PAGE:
Green Scene

That’s no mop walking near the Whitehall — that’s a puli


Walking behind the Whitehall, I saw a black dust mop on a leash ahead of me. Always eager to hear a good story, I struck up a conversation with the owner.

She informed me that this dog was a puli — a Hungarian sheep dog — named Rocky and that he has been a source of wonder for years. Much to my amazement, a recent television commercial for Marshall’s features a white puli.

A recent week found me at the apartment of Julie Gaynor, where I made the personal acquaintance of Rocky. Pulik — the plural of “puli” — were bred as working dogs, and Rocky was cautious about my presence and my right to enter his space. Shortly, he relaxed onto the carpet and listened attentively to Julie sing his praises, which included the conviction that “unlike other dogs which only understand one word commands, Rocky understands full sentences.”

His herding instincts are on display when the family goes hiking. When the Gaynors go alone with Rocky, he insists on walking between them or in front. When the whole family hikes together, Rocky goes immediately in front of the group, acting as a protector.

Distinctive dreadlocks known as cords cover the entire animal, including the face. It does not disturb the animal’s sight, although I could barely see Rocky’s eyes. Baby pulik have curls. The matting process cannot begin until the puppy is about a year old and the double coat of a soft undercoat and a tougher topcoat develop enough to be folded together. Then, the fluff is separated into cords by hand.

The initial process takes about three to four months to set. As the cords lengthen, they have to be pulled apart frequently to keep them growing as individual “ropes.” It can take up to four years to grow in completely. Coat coloration includes rusty-black, gray and fako — the color of the inside of a whole wheat roll. If no effort is made to cord the hair, the dog will simply look hugely fluffy.

American pulik may all derive from four purebred animals imported by the U.S. Department of Agriculture in 1935. Pulik are popular enough that there is a Puli Club of America, which is a member of the American Kennel Club.

It is believed that pulik migrated westward with the Magyar tribes of Hungary more than 1,000 years ago from the Carpathian Mountains. However, there is some conjecture that the ancestral breed is the Tibetan terrier, which was purebred in Tibet for 2,000 years.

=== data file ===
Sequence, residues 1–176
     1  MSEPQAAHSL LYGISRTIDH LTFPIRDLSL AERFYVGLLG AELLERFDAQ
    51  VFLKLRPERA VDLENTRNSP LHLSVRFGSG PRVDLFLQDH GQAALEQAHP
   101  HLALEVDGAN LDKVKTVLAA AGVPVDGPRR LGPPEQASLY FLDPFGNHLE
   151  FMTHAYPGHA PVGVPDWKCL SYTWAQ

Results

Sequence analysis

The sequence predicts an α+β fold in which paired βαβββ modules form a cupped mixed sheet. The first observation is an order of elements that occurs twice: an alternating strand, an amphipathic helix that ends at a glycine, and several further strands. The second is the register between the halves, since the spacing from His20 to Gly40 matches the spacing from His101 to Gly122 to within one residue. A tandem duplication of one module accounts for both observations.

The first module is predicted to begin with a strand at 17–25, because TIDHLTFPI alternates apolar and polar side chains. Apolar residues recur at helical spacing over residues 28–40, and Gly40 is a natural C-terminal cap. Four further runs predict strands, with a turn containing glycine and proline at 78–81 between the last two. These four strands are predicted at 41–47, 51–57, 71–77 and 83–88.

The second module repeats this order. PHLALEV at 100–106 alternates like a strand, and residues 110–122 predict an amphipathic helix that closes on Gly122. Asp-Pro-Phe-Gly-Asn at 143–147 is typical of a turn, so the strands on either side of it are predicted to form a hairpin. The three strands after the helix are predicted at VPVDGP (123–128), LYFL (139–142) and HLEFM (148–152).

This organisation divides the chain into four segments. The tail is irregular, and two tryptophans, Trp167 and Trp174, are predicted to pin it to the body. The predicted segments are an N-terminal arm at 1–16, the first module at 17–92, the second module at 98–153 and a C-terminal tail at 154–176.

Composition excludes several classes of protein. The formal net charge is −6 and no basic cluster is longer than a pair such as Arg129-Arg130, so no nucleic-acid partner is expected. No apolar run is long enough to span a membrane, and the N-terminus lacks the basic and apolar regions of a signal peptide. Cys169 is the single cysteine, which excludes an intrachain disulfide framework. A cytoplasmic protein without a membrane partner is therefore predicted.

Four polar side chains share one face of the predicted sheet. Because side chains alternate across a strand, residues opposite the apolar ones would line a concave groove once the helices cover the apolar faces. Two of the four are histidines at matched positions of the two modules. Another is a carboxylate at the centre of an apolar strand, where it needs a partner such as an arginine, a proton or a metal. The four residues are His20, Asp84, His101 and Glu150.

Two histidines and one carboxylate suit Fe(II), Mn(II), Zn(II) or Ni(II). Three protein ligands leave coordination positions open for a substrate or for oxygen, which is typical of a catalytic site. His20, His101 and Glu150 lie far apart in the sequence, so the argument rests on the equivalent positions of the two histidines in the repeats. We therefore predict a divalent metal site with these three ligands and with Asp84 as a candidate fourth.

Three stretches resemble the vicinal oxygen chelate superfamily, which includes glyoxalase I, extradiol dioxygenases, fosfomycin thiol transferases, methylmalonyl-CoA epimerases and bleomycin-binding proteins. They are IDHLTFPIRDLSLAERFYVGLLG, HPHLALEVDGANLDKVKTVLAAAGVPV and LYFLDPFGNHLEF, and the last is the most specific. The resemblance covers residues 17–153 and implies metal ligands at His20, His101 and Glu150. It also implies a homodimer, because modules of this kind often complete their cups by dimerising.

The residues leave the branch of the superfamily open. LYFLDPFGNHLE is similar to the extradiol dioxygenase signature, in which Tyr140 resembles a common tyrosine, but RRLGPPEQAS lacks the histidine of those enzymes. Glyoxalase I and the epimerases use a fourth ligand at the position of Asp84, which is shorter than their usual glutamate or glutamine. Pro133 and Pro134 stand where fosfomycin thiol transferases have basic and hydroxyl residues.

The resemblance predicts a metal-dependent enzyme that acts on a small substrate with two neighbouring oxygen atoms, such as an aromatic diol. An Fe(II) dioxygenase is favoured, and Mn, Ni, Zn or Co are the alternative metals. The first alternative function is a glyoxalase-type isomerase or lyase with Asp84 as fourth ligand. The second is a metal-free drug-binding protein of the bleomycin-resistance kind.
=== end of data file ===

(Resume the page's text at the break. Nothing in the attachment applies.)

Officially, terriers are a group of dogs bred in Great Britain and Ireland for hunting burrow-dwelling animals such as rats and rabbits. The misnamed Tibetan terrier was thus named due to its resemblance to some of the British breeds. “Terrier” is derived from the Latin terra meaning “earth.”

Another corded Hungarian dog is the komondor — plural “komondorok.” These dogs were brought to Hungary by the Cumans, a Turkic-speaking group who fled the Mongol invasion and settled in Hungary around 1239.

The name is derived from Komon-dor meaning “Cuman dog.” While the puli was a herding dog, the komondor was a guard dog protecting livestock. Pulik and komondorok would frequently work together, the puli warning of animal predators, and the komondor fighting them off.

Although a komondor resembles a fluffy labradoodle as a puppy, it is a large dog. While a mature puli reaches only 25 to 30 pounds and about 17 inches tall, the komondor — which only has a white coat — can grow to more than 130 pounds and over two feet tall.

And finally, there’s the Bergamasco, another herding dog with an unusual coat in shades of gray. This dog’s coat is not corded, instead the long twisted hair has a more felt-like appearance and is referred to as “flocks.” The flocks are the result of the Bergamasco having three separate types of hair: a fine undercoat, a “goat hair” layer and a wooly topcoat.

Creating the flocks is similar to creating cords in the puli. The Bergmasco is believed to have originated in the area of Iran and migrated westward with it nomadic owners, finally settling in the Italian Alps.

Given the difficulty of the terrain and the fact that shepherds were caring for large numbers of sheep with only a few dogs, the Bergamasco was developed as an independent problem-solver with a unique intelligence. Direction clearly would come from the shepherd, but the details were left to the dogs.

The Bergamasco is intermediate in size between the puli and the komondor. It weighs between 55 and 85 pounds and stands about 23 inches tall. More information is available at Bergamasco Sheepdog Club of America.

Next time you see a puli, say hello to the Gaynors!

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